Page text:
Even overcast days at Chatham Bars Inn feel sunny. First, there's the setting: a graceful, 1914 building overlooking the Atlantic, surrounded by quiet, individually decorated (and kitsch-free) cottages. Second, there are the activities: croquet, tennis, biking, rides in the property's antique cars, or, for kids, shoreline critter hunts, pirate visits, and karaoke. The nightly candelit dinners of local seafood at the water's edge are almost absurdly romantic. Few properties on Cape Cod manage to balance kid-friendliness with that kind of genuine excellence. This one does—even when it rains. 297 Shore Rd., Chatham, MA chathambarsinn.com.
When this hypnotically arty restaurant-bar designed and owned by a local architect made its debut four years ago, it not only lent zing to the South Shore dining scene, but also beckoned Cape-bound cosmopolites with its expertly shaken martinis, mod leather furnishings, and moody firelight. The arrival of new executive chef George Willette last fall boosted the culinary substance—e.g., tuna tataki, lobster and goat cheese pizza—to match Ember's abundant style, making this nightspot a white-hot proposition, indeed. 459 Plain St. (Rte. 139), Marshfield, MA 2050, .
Though we Bostonians are awash in seafood, there's shockingly little variety among those serving it to us. There are the clam shacks (Morse Fish Company, No Name), the executive favorites (Legal, Turner, Skipjack's, et. al), and the amusement parks (Barking Crab, Kingfish Hall). Only two restaurants truly cater to foodies—the South End's B&G Oysters and the North End's Neptune Oyster—and we love 'em both. This year Neptune can credit its edge over B&G to a slightly less formal vibe (shared tables, dishtowel napkins) that feels right for the times. That, and the fact that we spent the winter polishing off glorious scallops, ceviche, and cioppino here, and left happy every time. 63 Salem St., Boston, MA 2113, neptuneoyster.com.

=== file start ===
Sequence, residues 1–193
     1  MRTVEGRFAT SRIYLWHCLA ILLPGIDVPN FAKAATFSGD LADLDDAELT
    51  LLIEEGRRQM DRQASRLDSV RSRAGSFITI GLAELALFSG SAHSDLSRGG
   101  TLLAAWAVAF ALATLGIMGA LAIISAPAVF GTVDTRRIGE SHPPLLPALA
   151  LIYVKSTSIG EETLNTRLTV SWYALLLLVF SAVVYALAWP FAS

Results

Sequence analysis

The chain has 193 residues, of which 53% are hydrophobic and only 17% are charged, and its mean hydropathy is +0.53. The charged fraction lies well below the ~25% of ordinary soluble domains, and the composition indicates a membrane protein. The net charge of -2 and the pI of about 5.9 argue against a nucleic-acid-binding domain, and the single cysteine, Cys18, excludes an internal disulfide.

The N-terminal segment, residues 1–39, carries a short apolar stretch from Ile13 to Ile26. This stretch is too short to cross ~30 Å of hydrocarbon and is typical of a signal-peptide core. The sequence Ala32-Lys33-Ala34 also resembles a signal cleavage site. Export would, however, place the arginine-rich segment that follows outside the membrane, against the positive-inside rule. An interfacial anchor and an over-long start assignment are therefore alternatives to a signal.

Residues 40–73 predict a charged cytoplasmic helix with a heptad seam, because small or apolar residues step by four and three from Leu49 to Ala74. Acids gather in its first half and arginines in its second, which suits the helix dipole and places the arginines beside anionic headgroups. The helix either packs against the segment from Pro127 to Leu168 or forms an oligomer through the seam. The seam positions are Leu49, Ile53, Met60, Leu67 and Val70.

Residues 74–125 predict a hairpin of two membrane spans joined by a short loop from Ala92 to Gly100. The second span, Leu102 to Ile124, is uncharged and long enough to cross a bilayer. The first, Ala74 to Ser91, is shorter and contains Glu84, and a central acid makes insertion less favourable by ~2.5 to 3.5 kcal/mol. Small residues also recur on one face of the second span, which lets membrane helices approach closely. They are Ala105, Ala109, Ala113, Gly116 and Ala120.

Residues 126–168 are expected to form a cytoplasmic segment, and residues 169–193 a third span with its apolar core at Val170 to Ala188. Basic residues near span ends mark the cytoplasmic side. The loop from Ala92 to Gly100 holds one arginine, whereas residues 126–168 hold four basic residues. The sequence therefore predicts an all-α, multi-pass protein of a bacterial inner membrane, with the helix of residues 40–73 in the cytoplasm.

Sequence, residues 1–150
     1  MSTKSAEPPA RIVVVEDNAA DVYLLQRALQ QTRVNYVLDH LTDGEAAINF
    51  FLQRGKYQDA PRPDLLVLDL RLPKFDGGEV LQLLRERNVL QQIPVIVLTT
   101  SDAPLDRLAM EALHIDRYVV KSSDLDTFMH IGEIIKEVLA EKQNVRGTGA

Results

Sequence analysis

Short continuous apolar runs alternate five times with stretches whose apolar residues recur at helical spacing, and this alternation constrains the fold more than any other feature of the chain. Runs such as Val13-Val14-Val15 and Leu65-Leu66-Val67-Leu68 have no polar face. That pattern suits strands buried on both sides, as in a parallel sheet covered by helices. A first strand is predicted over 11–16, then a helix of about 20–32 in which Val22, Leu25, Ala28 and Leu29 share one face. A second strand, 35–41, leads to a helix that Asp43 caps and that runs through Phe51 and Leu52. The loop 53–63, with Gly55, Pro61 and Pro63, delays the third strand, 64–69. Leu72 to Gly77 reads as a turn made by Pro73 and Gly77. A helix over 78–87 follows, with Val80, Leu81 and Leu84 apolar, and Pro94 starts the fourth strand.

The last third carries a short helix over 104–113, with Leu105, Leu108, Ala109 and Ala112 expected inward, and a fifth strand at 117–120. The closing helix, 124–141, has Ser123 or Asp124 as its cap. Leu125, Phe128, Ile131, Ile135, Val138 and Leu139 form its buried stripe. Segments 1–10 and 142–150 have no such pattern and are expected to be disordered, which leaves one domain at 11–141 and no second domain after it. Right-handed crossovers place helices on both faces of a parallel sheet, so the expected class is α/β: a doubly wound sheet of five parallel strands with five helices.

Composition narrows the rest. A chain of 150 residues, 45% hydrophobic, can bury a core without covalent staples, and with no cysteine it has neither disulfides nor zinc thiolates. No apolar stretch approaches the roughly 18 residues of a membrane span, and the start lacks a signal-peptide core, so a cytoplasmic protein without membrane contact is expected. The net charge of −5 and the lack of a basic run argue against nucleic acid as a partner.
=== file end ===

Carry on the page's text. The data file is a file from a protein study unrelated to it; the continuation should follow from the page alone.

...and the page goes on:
The Art Store
Muses nonwithstanding, the Art Store sells everything your magnum opus needs, and at prices that won't leave the artist in you starving. Forget rummaging through piles of 200 pre-stretched canvases to find the size you want; it's all neatly ordered against the wall. Every shade of paint—oil, acrylic, watercolor, you name it—is represented, and the paper selection runs from handmade, violet-embedded sheets to plain foam core. Like to sit while you sketch? There's furniture here too, plus easels and mesh file boxes. Come to think of it, the large, open, and neatly arranged space may just inspire you after all—to organize your studio. 401 Park Dr., Boston, MA .
Bank of Boston